I hate hearing that I’ll meet the right person when the time is right, because I’m a control freak and don’t like admitting that I’m powerless over anything. I want to meet that person now, but I’m in no hurry to get married if that makes any sense. I just miss the stability I thought I had.
For the time being, I’m just trying to focus on getting into grad school. Yeah, it might be a distraction, but so far it’s a pretty darn good one.
On the other hand, I’m meeting The Boy to see Harry Potter this afternoon. I will try very hard to keep it platonic, because while he may not be able to control his impulses, I know I can.
Ehh…Woody Allen can explain my thoughts better than I can:
Seriously? What do single twenty-something girls do? Okay, what if you’re shy and can’t handle more than a few sips of alcohol?
Yeah, I pretty much spend my life watching “Bolt the Superdog” (for the freaking 80 billionth time), baking, working on my grad school apps, and getting way too excited about True Blood. Oh, and if it’s a really wild night I might have a glass of wine. At home. With my cat.
I mean, I’ve gone out with my other single friends since April, but honestly haven’t really enjoyed any of it. Maybe it’s because I spend most of my days with a 6 year old and a toddler, but I don’t feel I have very much in common with most of my friends at this point. They lived away at college without working, I commuted from home and got a full-time job.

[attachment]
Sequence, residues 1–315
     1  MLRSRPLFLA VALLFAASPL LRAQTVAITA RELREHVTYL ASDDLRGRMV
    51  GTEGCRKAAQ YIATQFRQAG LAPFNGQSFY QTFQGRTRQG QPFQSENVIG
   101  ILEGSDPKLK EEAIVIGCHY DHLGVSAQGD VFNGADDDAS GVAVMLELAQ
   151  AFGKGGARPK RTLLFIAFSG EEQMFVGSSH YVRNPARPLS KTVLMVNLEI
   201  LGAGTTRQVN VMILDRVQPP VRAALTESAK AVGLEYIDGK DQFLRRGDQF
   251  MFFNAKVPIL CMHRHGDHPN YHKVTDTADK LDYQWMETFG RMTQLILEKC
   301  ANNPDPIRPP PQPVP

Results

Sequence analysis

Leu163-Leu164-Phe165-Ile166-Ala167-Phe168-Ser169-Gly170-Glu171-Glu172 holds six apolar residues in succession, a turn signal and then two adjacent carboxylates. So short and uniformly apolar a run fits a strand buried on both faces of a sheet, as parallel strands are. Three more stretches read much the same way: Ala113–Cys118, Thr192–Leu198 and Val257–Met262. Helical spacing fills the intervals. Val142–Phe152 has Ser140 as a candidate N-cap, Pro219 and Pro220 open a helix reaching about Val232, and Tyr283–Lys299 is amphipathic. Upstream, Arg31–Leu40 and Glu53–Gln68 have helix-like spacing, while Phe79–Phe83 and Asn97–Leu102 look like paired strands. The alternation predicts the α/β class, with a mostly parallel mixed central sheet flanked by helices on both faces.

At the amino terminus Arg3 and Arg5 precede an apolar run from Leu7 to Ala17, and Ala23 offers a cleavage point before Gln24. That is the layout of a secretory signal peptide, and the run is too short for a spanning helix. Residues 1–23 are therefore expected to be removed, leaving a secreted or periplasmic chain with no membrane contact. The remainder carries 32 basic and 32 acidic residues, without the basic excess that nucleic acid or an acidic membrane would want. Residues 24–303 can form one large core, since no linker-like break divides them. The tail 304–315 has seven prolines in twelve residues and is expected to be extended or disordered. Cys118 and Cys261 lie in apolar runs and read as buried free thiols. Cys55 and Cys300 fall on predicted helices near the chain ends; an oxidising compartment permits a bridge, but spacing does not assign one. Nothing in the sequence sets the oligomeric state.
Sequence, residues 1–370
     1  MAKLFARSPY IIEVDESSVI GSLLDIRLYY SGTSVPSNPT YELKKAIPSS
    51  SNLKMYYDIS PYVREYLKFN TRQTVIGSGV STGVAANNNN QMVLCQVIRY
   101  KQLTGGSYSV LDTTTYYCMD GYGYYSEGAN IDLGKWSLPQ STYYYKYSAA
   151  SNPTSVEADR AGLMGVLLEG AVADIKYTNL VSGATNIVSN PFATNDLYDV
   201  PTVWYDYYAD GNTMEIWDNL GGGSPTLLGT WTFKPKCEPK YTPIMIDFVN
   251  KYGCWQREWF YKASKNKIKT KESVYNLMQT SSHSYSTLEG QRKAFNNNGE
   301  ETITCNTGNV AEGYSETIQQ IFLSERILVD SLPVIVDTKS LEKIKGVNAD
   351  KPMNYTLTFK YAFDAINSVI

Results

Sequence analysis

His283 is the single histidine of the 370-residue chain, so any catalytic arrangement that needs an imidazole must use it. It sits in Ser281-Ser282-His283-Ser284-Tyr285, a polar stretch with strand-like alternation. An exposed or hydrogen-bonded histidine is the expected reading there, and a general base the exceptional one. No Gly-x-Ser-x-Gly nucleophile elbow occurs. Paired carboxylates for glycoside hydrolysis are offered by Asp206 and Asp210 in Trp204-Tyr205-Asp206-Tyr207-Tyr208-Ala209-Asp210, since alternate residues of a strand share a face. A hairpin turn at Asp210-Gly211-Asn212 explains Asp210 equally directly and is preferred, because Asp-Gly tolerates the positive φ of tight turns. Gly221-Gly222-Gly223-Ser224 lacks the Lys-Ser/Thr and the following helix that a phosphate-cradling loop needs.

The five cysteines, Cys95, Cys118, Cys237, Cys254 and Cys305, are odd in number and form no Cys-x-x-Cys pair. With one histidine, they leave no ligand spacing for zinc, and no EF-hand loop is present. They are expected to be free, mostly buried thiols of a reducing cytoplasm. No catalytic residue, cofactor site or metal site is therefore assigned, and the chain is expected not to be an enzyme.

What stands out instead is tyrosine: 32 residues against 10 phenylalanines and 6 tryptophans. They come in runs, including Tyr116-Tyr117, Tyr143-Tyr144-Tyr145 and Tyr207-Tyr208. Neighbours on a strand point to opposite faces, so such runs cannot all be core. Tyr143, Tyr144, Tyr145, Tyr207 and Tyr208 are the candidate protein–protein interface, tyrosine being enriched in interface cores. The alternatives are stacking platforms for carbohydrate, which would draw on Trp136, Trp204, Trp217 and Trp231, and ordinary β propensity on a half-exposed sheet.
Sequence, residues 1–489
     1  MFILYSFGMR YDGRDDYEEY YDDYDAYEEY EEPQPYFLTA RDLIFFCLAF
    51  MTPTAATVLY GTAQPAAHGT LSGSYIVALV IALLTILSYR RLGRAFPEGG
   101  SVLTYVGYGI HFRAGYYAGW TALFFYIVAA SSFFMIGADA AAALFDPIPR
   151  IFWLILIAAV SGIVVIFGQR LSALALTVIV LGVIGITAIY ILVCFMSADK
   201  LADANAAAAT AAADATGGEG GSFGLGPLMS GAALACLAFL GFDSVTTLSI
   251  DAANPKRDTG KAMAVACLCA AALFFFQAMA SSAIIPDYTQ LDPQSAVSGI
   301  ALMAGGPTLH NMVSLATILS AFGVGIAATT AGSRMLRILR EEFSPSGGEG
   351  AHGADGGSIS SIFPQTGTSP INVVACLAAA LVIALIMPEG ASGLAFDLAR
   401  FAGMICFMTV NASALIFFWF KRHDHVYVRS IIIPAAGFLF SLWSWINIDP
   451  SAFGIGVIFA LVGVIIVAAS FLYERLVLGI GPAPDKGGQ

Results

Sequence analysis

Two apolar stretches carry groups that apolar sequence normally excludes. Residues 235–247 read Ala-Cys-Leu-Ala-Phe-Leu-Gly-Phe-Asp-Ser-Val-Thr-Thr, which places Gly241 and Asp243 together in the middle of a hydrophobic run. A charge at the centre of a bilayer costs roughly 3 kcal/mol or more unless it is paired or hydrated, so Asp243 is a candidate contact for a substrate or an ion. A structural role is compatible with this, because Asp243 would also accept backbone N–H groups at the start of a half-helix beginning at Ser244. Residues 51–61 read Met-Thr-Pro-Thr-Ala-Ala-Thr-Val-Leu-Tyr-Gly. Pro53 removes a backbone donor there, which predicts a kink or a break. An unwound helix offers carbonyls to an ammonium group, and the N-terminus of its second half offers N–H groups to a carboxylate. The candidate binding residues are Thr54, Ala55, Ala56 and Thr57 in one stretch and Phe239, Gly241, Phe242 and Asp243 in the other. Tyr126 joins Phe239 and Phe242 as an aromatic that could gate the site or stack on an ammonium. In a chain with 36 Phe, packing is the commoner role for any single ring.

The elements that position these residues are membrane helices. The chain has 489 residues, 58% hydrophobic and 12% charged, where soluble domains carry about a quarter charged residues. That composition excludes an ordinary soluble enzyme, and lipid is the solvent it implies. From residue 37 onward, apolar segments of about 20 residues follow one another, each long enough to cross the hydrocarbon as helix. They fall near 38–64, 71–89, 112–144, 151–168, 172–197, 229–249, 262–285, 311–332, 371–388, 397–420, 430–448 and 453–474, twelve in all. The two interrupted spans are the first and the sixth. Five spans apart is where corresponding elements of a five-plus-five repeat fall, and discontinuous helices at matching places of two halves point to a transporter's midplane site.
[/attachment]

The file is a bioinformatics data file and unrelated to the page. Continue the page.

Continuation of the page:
I went out with my friend, The Compulsive Liar, earlier this week for dessert…and the conversation was basically:
TCL: So how’s life?
Me: Oh, you know…busy. The kids have been-
TCL: Huh…yeah. I have a new guy. He’s new to Georgia too and blahblahblah-TMI-that-I-never-wanted-to-hear.
want to throw something at you I’m really happy for you.
TCL: And omigawd…did I tell you about work? I’m directing a movie with J-Lo.
(At this point I have a sudden pang of missing The Boy, who had always wanted to follow-up everything that came out of this girl’s mouth with “no you didn’t.” And not in that sassy-girl way.)
I had nothing to contribute to the conversation. I mean, unless she wanted to hear about the horrors of potty training (and nobody does) or discuss the new after school lineup on PBS.
- First the sad: I woke up to the sound of my father crying today. My uncle was the victim of a hit and run in January and has been in a rehabilitation hospital since late February. Though he’s made a tremendous amount of progress, we’re finding it difficult to face the reality of the situation. He will likely never walk or live on his own again. Oddly, my impulse is to immediately focus on the positive; a few months ago he didn’t even remember me. But, there’s no escaping how much everything about the situation sucks. Not that anyone ever deserves something like this, but my uncle has spent his whole life giving to other people and neither expecting nor receiving much of anything in return.
- Now a lil happy: In other news, has anyone seen “The First Wives Club?” It’s strange how easy I can identify with three middle age divorcées. & I love Diane Keaton so much. =)
- And some super-happy: The family I nanny for had their third child this morning. It’s a girl!!! I know it’s going to be insanely stressful once I go back to work, but for now I’m so excited. It’s nice to have a bit of sunshine amongst all this ickiness.